Taxation Appeals are made to the Federal Court and require a written application which sets out brief details of the objection. Usually, the taxpayer must also serve a sealed copy of the application on the Commissioner for Taxation, as Respondent, at the Office of the Australian Government Solicitor in the state or territory in which the application was filed.
Ordinarily, within 28 days of serving a sealed copy of the application on the Commissioner, the Australian Taxation Office (ATO) will provide the taxpayer with a Notice of Appearance, a copy of the documents filed with the Federal Court and a statement of the facts, issues and contentions regarded by the Commissioner as relevant to the appeal.
The Federal Court will then call a Directions Hearing, usually at least 5 weeks after the taxpayer’s application was filed.
Once the Federal Court is satisfied that the Commissioner has provided all relevant documents, appeals are then set down for hearing. The taxpayer usually is required to pay a setting down fee when a date is fixed for the hearing of the appeal. There is also a daily hearing fee that must be paid.
The Federal Court is able to overturn a decision of the Commissioner. However, the Federal Court cannot interfere with any discretion exercised by the Commissioner. It can only refer the matter back to the Commissioner for further assessment.
The Federal Court is able to award costs either against the Commissioner if the taxpayer is successful, or against the taxpayer if the Commissioner is successful. In either case, the proportion of costs awarded will generally be between 60% and 70% of the actual costs incurred by the successful party. However, if the Federal Court were to conclude that the behaviour of either the taxpayer or the Commissioner warranted sanction because of the way in which the case had been brought or conducted, a higher proportion of costs may be awarded.
If you are unhappy with a decision, we can provide you with advice as to the choice of whether to seek review in the Administrative Appeals Tribunal (AAT) or appeal in the Federal Court. Whilst the Federal Court is the more appropriate forum for objections which are highly technical or which involve complex propositions of taxation law, the court costs can be quite high. Taxpayers generally have their lawyers retain barristers to conduct their appeals.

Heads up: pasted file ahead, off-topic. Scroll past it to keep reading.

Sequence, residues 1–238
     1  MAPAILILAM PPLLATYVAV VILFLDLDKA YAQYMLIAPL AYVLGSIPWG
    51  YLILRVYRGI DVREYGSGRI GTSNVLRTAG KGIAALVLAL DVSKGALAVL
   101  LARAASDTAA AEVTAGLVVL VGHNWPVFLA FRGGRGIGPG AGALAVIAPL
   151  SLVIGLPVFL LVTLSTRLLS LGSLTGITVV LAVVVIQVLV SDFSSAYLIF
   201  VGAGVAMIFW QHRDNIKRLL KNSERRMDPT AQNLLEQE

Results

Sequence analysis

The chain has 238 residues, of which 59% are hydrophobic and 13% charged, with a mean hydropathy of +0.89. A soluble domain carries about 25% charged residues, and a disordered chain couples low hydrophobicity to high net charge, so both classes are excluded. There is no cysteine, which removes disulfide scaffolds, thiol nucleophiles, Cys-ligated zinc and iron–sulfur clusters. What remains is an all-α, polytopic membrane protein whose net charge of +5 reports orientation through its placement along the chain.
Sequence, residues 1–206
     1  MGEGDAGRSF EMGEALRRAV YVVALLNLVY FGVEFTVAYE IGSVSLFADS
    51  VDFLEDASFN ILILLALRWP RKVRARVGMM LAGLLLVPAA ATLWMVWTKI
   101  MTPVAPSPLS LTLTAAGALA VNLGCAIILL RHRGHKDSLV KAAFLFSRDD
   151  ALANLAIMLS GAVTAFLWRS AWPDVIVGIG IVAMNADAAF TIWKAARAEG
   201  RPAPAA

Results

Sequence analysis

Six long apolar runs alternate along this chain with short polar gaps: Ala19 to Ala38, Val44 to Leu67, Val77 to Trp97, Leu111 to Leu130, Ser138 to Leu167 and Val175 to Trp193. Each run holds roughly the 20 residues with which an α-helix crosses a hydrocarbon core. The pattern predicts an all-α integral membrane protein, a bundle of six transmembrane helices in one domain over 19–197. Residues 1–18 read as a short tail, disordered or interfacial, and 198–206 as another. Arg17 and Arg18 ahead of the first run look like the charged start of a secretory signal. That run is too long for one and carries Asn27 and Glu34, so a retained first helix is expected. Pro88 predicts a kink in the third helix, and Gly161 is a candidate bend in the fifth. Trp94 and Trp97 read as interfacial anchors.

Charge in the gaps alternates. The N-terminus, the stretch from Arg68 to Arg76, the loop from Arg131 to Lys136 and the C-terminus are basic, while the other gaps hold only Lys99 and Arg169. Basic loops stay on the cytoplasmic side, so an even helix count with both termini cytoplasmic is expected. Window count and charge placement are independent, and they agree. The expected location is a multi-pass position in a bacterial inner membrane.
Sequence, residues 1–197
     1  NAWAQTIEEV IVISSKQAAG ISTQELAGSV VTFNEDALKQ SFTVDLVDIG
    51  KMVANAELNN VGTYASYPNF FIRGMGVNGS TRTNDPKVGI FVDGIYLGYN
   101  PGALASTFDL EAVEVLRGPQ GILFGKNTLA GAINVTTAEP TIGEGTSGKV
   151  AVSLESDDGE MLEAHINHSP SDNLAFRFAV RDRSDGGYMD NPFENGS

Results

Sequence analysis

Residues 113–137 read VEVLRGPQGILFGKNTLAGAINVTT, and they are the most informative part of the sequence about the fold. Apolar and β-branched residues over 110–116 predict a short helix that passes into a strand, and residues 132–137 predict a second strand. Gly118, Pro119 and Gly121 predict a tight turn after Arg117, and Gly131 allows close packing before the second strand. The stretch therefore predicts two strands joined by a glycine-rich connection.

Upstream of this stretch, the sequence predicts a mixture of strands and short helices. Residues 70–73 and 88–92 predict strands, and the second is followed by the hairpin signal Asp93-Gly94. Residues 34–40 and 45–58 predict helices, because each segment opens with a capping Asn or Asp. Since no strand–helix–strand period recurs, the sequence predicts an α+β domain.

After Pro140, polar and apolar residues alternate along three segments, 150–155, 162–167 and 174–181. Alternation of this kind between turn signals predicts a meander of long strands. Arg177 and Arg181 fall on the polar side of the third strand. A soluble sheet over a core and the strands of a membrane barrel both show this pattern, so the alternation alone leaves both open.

The AAT is comparatively cheaper to commence and pursue reviews and places an emphasis upon consensual resolution of disputes. However, AAT members may be less experienced than Federal Court judges in hearing highly complex disputes which involve difficult propositions of taxation law or in managing pre-trial processes to ensure a speedy hearing.
Finally, taxpayers should note that the ATO will impose a General Interest Charge (GIC) on all outstanding taxation assessments from the date that the assessment was made. The lodging of a review at the AAT or appeal to the Federal Court does not stop this GIC from accumulating.
Taxpayers should seek legal advice as to whether to pay either the whole or a part of the disputed taxation notwithstanding commencing the review or appeal. While this will have financial consequences on the taxpayer, the payment will prevent further GIC from accruing. The cost of funding the payment may be less than the GIC. If the taxpayer is successful in the review or appeal, and the amount of the assessment has already been paid, the Commissioner may be obliged to refund interest on the refunded taxation payments.